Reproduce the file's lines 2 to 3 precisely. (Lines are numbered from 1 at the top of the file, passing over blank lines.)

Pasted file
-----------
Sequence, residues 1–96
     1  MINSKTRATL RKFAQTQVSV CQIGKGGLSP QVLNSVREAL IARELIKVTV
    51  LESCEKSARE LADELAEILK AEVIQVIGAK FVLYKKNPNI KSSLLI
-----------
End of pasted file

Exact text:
     1  MINSKTRATL RKFAQTQVSV CQIGKGGLSP QVLNSVREAL IARELIKVTV
    51  LESCEKSARE LADELAEILK AEVIQVIGAK FVLYKKNPNI KSSLLI